The prophet begins to speak with more detail from verse 8. There is no doubt that the invasion of Sennacherib in the days of Hezekiah was the occasion of the prophecy. The words of the prophet pursue the host of Assyria retreating from the walls of Jerusalem (verse 8, 9).

One amongst them imagines evil against the LORD (verse 11). Rabshakeh's boastful and insulting words aroused the indignation of the prophet [See 2 Kings 18 & 19].

The obscurity of verse 12 is cleared by the light of other prophecies. The verse applies to Judah, and Isaiah who prophesied at the same time throws light on the matter in question. (Compare Isaiah 28: 18, 19 & 10: 12, 25). When the Assyrian comes into Immanuel’s land (Isaiah 8) in the last days, he will be cut down and no more afflict Judah. Assyria will be used to chasten unbelieving Jewry, so that the verse may be read to apply to either Judah or to Assyria. Verse 13 rather confirms the application of verse 12 to Judah. (See Isaiah 10: 5, 24 & 25). In the day of Assyria's final destruction the Jews will rejoice and Judah will keep her solemn feasts.

The Antichrist will have been taken away (Revelation 14: 20), the great apostate western confederacy broken, and now also the overflowing scourge of God, which He used to judge His rebellious people, will no more pass through; the way for rest and peace in all the earth will be prepared.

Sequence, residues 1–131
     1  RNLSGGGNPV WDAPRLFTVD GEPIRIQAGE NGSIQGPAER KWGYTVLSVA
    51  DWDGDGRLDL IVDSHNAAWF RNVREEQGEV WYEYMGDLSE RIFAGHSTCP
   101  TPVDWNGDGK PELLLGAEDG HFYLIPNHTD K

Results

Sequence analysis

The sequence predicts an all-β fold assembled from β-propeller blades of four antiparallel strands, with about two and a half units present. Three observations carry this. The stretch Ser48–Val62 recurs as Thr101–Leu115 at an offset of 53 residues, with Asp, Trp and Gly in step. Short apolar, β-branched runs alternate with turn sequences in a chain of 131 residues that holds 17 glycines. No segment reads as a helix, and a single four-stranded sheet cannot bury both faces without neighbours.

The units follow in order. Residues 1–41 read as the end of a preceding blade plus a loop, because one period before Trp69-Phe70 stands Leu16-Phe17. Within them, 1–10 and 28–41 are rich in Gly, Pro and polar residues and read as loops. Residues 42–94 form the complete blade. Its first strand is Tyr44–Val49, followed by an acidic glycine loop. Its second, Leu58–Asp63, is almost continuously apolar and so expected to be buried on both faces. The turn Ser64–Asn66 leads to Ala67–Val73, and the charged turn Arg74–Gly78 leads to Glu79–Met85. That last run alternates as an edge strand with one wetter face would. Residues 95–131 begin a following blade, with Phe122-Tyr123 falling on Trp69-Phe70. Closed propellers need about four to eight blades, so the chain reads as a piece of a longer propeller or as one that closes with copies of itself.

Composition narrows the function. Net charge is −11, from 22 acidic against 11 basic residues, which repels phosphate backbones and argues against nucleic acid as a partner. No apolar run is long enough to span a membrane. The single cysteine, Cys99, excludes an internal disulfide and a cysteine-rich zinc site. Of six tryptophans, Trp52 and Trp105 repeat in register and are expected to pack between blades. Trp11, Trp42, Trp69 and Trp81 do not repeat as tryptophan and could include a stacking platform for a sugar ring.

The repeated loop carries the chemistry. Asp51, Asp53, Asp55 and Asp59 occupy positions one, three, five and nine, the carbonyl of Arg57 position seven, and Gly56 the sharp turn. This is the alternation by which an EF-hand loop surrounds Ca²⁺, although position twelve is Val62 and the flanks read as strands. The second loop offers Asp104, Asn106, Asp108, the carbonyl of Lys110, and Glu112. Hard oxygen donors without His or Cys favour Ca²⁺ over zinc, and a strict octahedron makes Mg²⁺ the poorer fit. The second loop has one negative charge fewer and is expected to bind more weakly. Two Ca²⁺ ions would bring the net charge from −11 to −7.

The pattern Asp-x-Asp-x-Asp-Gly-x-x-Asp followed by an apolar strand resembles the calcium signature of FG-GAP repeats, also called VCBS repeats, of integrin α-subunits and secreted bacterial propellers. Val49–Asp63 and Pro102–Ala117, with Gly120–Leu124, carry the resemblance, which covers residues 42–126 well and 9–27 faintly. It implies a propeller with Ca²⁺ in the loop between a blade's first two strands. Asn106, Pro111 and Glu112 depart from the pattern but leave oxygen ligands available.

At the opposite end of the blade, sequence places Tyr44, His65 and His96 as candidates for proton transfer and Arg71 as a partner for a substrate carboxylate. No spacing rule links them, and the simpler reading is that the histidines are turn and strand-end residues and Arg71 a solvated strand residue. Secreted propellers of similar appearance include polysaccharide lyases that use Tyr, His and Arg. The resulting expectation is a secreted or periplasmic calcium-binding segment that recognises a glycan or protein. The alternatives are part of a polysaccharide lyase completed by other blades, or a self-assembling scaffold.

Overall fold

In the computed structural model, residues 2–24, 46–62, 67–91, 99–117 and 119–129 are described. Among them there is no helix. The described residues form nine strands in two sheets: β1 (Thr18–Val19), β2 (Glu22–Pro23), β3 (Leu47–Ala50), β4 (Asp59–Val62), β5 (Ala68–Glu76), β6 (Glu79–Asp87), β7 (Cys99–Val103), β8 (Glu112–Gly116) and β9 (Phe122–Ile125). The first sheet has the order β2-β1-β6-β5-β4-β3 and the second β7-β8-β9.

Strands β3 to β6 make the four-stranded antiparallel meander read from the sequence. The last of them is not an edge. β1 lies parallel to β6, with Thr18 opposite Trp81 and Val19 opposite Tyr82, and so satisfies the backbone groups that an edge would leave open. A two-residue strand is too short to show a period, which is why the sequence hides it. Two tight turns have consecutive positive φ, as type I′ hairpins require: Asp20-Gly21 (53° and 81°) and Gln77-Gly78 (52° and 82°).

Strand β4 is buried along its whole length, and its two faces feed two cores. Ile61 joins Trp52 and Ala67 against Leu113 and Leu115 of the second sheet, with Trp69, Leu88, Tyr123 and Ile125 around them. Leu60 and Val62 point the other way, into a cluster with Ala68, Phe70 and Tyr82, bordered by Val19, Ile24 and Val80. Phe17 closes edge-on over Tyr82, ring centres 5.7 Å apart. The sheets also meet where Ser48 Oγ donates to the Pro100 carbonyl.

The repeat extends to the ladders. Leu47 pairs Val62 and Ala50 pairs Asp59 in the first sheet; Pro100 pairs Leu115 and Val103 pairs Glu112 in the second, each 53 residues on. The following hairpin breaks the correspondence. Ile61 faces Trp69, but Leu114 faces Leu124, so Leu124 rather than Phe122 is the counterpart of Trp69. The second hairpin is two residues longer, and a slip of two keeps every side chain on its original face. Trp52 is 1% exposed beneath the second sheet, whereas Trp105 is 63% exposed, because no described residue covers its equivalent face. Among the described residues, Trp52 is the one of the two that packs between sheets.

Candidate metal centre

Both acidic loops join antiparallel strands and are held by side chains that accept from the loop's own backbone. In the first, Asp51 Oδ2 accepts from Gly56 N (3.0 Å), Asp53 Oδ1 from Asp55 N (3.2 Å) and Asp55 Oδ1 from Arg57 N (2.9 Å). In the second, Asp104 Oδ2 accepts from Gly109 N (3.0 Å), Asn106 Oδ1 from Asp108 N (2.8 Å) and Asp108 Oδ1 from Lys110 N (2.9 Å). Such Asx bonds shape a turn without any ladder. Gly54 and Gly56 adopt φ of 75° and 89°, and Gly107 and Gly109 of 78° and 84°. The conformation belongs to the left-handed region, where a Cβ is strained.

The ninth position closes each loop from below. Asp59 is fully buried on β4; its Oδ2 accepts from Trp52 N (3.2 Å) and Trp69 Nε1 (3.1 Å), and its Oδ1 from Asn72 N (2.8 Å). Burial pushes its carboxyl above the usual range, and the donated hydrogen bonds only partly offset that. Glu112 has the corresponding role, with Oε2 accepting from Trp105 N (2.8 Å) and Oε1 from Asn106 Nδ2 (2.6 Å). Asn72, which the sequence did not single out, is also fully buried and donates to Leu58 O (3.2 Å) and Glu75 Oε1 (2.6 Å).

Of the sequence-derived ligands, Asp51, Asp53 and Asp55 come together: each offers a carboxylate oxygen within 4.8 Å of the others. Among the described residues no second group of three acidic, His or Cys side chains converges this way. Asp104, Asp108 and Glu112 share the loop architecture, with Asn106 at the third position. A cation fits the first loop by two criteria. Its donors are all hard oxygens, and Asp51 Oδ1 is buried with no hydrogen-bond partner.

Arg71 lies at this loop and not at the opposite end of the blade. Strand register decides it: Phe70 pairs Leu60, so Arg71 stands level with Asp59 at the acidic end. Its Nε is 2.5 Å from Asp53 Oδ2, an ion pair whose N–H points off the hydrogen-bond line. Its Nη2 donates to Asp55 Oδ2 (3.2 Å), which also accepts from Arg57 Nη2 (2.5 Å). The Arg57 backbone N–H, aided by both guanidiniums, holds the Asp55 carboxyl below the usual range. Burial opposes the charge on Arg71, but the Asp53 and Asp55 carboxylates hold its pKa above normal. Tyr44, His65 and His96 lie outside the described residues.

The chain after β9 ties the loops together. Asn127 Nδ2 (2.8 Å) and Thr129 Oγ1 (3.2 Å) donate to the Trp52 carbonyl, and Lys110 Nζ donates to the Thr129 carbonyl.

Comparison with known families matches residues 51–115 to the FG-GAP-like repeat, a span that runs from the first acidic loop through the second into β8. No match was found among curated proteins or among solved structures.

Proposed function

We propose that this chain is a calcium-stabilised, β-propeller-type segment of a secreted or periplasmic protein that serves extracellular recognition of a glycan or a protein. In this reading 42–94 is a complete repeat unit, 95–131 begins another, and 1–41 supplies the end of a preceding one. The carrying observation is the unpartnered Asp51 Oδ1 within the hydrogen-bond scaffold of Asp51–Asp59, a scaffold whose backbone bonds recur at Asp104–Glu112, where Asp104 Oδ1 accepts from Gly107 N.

Even though the prophet pronounces judgment, when he has the object of God's mercy in view, his mind is carried over to the great day of blessing when all evil will be removed, and the blessings of God flow in mercy and in righteousness.


The LORD turned away the excellency of Jacob. The failing man had to be disciplined and emptied, and this is God's way always with those whom He blesses. Man has been given his opportunity to use his natural inheritance, but every blessing though God-given, has been used to minister to his pride. God must act according to His own nature, and if any man is to be brought into the blessedness of that which God has revealed of Himself in purity and goodness, he must first be emptied of all that would shut out God. Nature takes its own way without a thought of God; He is the sole source of all good and must be so known. If this is His way with those who are the objects of His favour, so that they will have no confidence in themselves, but find in Him all their strength and blessing, what will He do to those who are His enemies, and in the pride of their hearts raise their hands against His people to make them serve their proud ambitions?